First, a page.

Aston University scientists are working with start-up company, Isterian Biotech, part of Cambrian BioPharma, to develop novel drugs to treat fibrotic diseases such as lung disease.
The focus of preclinical-stage biotechnology company Isterian Biotech is on developing novel drugs to stop or reverse the pathological accumulation of crosslinked proteins commonly observed in all major organs with age.
As we age a chronic increase of crosslinked proteins occurs in the extracellular matrix (ECM), that surround, support, and give structure to the cells and tissues in the body. These crosslinked proteins are difficult for the body to degrade and over time can make organs stiff and dysfunctional, ultimately resulting in fibrosis. Reversing the accumulation of these pathological crosslinks will greatly contribute to reducing fibrosis.
The start-up is working to develop small molecule inhibitors of transglutaminase 2 also known as TG2, which is one of the major crosslinking enzymes in the human body, that becomes more active during ageing – thus resulting in fibrotic diseases such as a type of lung disease known as idiopathic pulmonary fibrosis (IPF).
Isterian President and Chairman of the Board, Georg C Terstappen, PhD said: “Isterian’s strategy of combining rational drug design with efficient multiparametric profiling of synthesized small molecules has been both impressive and highly productive. Notably, for one of our highly potent and selective TG2 inhibitors, we have recently demonstrated efficacy in a mouse model of lung fibrosis for the first time.
“Using this state-of-the-art approach to drug discovery combined with an impressive team gives us great confidence in the future of this novel company.”
IPF is a progressive, irreversible disease that is characterized by pathological crosslinking of extracellular matrix (ECM) proteins (a large network of proteins and other molecules that surround, support, and give structure to the cells and tissues in the body) leading to excessive deposition of collagen.
This means that in IPF scar tissue or fibrosis builds up around the air sacs (alveoli) in the lungs and reduces the ability to transfer oxygen that is breathed into the blood, resulting in severe restriction of lung capacity and function.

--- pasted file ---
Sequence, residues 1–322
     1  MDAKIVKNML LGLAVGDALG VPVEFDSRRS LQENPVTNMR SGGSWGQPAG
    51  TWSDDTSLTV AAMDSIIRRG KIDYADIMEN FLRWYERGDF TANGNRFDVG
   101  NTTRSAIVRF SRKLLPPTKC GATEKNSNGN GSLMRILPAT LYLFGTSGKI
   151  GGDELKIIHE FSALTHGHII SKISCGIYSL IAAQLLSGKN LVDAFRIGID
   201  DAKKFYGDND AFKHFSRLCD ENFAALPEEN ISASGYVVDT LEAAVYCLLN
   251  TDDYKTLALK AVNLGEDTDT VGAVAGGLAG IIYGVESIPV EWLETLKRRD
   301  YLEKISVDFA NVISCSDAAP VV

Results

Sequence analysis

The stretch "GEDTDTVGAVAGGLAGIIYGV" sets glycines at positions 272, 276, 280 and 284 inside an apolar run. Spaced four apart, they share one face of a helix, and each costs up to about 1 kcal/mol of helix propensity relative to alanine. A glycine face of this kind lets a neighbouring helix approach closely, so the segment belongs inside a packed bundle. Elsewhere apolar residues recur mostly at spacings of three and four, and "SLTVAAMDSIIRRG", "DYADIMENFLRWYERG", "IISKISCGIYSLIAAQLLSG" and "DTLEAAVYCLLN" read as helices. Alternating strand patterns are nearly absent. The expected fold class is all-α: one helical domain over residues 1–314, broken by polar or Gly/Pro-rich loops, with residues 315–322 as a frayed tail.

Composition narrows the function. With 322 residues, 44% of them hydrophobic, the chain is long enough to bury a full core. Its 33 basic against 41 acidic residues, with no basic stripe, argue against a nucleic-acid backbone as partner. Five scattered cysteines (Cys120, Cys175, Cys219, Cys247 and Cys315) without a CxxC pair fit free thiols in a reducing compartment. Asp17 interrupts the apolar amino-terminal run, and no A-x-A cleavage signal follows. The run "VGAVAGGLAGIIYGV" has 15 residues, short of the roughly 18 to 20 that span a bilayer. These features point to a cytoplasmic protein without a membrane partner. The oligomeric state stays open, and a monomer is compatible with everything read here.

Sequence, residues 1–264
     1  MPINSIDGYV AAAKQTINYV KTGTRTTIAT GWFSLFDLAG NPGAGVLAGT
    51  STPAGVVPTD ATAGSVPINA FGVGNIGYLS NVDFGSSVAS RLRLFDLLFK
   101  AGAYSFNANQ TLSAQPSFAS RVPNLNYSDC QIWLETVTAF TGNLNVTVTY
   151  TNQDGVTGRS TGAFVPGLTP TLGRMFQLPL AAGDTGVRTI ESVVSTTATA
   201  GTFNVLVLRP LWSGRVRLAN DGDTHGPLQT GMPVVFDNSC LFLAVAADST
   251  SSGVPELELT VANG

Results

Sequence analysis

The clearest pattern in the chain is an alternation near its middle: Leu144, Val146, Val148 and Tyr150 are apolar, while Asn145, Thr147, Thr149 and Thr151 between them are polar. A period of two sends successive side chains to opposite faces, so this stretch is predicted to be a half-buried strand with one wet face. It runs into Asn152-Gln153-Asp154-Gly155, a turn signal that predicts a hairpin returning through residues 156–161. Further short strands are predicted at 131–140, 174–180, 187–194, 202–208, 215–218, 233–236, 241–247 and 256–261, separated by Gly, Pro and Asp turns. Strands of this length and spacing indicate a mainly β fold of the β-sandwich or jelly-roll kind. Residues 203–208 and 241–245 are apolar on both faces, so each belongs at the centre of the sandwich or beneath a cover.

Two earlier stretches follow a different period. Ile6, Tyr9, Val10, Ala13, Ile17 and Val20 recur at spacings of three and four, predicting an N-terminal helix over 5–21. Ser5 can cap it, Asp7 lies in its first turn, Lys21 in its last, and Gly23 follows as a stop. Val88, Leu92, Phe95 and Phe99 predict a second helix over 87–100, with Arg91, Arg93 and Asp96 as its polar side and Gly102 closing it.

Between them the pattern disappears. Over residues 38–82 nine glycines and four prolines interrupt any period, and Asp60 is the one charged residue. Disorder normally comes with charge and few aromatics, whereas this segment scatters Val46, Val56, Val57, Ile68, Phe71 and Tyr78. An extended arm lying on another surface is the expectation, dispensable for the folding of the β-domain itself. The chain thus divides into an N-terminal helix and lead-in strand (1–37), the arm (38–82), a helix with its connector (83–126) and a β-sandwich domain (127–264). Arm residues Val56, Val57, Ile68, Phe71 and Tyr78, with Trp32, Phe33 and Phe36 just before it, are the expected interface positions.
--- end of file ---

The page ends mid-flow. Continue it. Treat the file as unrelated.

IPF is the most common form of pulmonary fibrosis. The disease affects between 200,000 and 300,000 people globally. Statistics from the charity Action for Pulmonary Fibrosis suggest there are about 30,000 people living with IPF in the UK with an estimated 6,000 new cases of the condition each year. The disease usually develops in people aged 70 and older and is more common in men. But it can occur in younger individuals, particularly if there is a family history of idiopathic pulmonary fibrosis.
The company was founded by capitalising on over 35 years of scientific research from the laboratory of Professor Martin Griffin and his team Dr Dan Rathbone and Dr Vivian Wang at Aston University.
Their work with small molecule inhibitors selective for TG2 has demonstrated reduction of fibrosis in multiple organs in a number of animal models. In 2019, Aston University partnered with Cambrian to form Isterian Biotech with a mission to develop safe and effective TG2 inhibitors to treat Idiopathic pulmonary fibrosis (IPF), a devastating fibrotic disease of the lung.
Professor Martin Griffin, Biosciences Research Group, Aston University said: “We are delighted to continue our work with Isterian researching how we can further develop TG2 inhibitors to help tackle this awful disease.”
CEO of Cambrian BioPharma, James Peyer, commented: “As Cambrian continues on its mission to build medicines that will redefine healthcare in the 21st century, we are very thankful to find brilliant scientists such as Martin and his team that are willing to break the mold. Isterian and its work to reduce fibrosis are a perfect fit alongside the other pipeline companies our team has announced in 2022.”
The company’s current pipeline includes an advanced preclinical-stage TG2 inhibitor for inhaled administration and several structurally unrelated back-up compounds for the treatment of IPF.